Last week found me in my usual haunts for two radically different shows. Wednesday, as usual, was all about the acoustic session at The Roaring Donkey and this week it was the turn of Sue Hart, a Salisbury based Americana songwriter to entertain the small, attentive and gradually increasing number punters. Aided and abetted by “a mildly disgruntled man” whose real name was Pete on bass the duo treated the room to not only lessons in song writing, dexterous musicianship and vocal harmonising, but also the less tangible and often overlooked traits – charisma, audience engagement and the ability to take your music seriously whilst finding humour in the whole process of making music for a living. They were gracious and wonderful company and they perfectly epitomised those wonderful anecdotes that you only get from working with musicians. Not only is Pete’s “day job” working as Chrissie Hynde’s lighting guy, Sue also revealed in the wonderfully titled song, “ You Were A Lying, Drunken Bum, But I Got To See The Mountains” how she took a road trip across America and “accidently” got married. You just don’t get stories like that hanging around with four guys who working in Nationwide during the day and try to sound like Green Day in the evenings.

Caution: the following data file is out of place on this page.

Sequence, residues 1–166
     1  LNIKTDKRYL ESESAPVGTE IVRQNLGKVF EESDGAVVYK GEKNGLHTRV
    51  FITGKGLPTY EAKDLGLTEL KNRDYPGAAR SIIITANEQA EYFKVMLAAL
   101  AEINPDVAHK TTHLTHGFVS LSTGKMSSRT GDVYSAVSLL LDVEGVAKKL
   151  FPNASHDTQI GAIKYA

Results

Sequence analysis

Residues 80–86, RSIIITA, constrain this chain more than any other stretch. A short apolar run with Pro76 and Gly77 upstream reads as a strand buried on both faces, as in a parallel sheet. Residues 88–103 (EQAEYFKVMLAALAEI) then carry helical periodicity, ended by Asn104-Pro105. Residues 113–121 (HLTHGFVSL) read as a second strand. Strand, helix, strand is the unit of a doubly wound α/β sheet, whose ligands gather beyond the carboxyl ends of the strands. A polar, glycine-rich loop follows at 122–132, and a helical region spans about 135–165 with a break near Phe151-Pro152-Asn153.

The following evening revolved around a trip to The Victoria, a place I watch a lot of bands but not normally ones as hard and heavy as the ones on offer that night. Arriving late I missed Eden Falls but did manage to catch a bit of Heriot who mixed howling vocals and heavy riffs with doomy interludes and atmospheric asides, interesting but the main thrust of their sound wasn’t one that spoke to me.
Although the intensity and sheer raw brutality of Screamo style metal isn’t really my thing, I think if you are going to watch any genre that falls largely outside your comfort zone then pick the best band of that genre. Headliners Sleep Inertia certainly seem the best of their peer group. Four–fifths born from the ashes of The Dead Lay Waiting they have deliberately pushed their new sound towards a more mature target audience. The result is a brutal, near apocalyptic, onslaught of high-octane riffs, pulsing bass runs, crashing back beats and primordial vocals, and for all its overwhelming attack of sight and sound, you can’t help but get carried away by its sheer force. Not the sort of thing you are going to use as the sound track to a Sunday fine dining experience, but in the right context an unforgettable experience.
(first published at Swindon Link)